The three stages of Michael Cohen testifying before Congress have proven to be excitement, disappointment, and resentment. Less than two weeks ago, Cohen agreed to testify in public before the House Oversight Committee, generating great excitement that some of the details of Trump’s Moscow Project, Trump’s payoffs over his multiple affairs, and Trump’s general business sleaze would come to light. But least week, after Trump made multiple tweets concerning Cohen’s father-in-law, it became clear that his former personal attorney was getting cold feet. Earlier this week, it was reported that anything that would bump into the Mueller investigation was off limits for Cohen’s congressional testimony -— which was pretty much everything. Still, even last night, both House Oversight Committee chairman Elijah Cummings and House Intelligence Chair Adam Schiff were still trying to work out with Cohen and his attorneys just what questions could be asked.
It turns out, the answer is none. Because on Wednesday afternoon, Cohen decided he would not be appearing. At all.
Cohen’s representative Lanny Davis cited Trump’s threats to Cohen’s family, and other concerns about security, as the primary reason for postponing Cohen’s appearance.
Davis: Mr. Cohen volunteered to testify before the House Oversight Committee on February seventh. Due to ongoing threats against his family from President Trump and Mr. Giuliani, as recently as this weekend, as well as Mr. Cohen’s continued cooperation with ongoing investigations, by advice of counsel, Mr. Cohen’s appearance will be postponed to a later date.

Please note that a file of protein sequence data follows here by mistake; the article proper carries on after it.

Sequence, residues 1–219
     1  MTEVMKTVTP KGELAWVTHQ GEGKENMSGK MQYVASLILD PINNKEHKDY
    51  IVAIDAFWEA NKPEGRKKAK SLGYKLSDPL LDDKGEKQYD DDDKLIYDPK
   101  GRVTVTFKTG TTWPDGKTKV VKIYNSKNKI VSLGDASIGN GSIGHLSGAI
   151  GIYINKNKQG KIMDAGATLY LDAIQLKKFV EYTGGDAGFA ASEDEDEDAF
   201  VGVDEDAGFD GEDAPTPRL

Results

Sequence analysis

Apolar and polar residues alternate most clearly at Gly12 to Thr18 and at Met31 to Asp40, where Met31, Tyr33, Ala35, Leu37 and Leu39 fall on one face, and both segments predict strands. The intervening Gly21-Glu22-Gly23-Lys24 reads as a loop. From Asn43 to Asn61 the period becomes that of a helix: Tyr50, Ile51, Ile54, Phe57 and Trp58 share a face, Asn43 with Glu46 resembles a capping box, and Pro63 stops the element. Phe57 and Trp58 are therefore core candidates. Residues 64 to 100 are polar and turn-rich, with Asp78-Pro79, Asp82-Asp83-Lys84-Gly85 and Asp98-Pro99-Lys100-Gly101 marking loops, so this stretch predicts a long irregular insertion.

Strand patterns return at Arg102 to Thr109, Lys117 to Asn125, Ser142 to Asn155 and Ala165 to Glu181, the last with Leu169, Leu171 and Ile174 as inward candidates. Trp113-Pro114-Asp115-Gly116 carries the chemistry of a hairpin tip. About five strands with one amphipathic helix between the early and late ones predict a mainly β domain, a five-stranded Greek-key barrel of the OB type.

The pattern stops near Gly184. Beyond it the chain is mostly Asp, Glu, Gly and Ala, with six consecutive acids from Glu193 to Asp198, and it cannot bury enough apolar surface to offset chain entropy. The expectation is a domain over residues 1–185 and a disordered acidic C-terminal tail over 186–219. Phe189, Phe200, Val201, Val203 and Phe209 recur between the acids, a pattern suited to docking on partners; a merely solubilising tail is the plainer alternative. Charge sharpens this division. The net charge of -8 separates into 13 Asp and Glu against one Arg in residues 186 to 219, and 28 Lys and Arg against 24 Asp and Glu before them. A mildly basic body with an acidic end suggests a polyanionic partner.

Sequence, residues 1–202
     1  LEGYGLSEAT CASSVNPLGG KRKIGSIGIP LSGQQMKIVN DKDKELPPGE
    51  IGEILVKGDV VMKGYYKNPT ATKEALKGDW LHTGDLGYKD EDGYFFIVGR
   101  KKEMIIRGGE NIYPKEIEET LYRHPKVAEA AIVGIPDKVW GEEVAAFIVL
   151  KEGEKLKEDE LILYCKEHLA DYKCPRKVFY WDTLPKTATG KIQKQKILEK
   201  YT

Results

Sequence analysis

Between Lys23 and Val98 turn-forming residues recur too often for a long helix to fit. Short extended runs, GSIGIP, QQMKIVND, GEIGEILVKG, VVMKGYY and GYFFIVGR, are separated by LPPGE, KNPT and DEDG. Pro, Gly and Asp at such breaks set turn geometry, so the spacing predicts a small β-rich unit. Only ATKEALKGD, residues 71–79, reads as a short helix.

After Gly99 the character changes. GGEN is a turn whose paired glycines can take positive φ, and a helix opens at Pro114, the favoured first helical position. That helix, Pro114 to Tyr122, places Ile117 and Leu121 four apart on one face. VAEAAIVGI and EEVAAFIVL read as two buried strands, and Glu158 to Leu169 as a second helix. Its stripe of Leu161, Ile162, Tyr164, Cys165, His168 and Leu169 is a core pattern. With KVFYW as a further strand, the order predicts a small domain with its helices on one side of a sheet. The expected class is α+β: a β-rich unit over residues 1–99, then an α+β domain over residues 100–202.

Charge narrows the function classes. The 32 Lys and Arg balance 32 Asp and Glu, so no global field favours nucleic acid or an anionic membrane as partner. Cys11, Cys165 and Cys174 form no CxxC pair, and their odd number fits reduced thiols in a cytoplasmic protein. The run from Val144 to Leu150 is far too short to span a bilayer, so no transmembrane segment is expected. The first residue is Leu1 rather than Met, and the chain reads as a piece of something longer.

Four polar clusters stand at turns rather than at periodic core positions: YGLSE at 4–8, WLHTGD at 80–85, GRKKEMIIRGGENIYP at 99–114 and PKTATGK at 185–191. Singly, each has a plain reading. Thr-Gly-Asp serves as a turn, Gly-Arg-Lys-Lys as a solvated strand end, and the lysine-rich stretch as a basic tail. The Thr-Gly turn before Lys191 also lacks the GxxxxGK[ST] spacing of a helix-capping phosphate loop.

But postponing Cohen’s appearance may mean postponing it a long time — as in a minimum of three years. Less that a month from the date of his scheduled appearance, Cohen is slated to begin serving his sentence for charges to which he already pled guilty. Whether he could return from prison for congressional testimony is unclear.
That is one reason why some lawmakers are calling for a subpoena to require Cohen’s appearance. Representative Stephen Lynch, a member of the House Oversight Committee has stated that there is an “overwhelming consensus” to issue a subpoena to Cohen.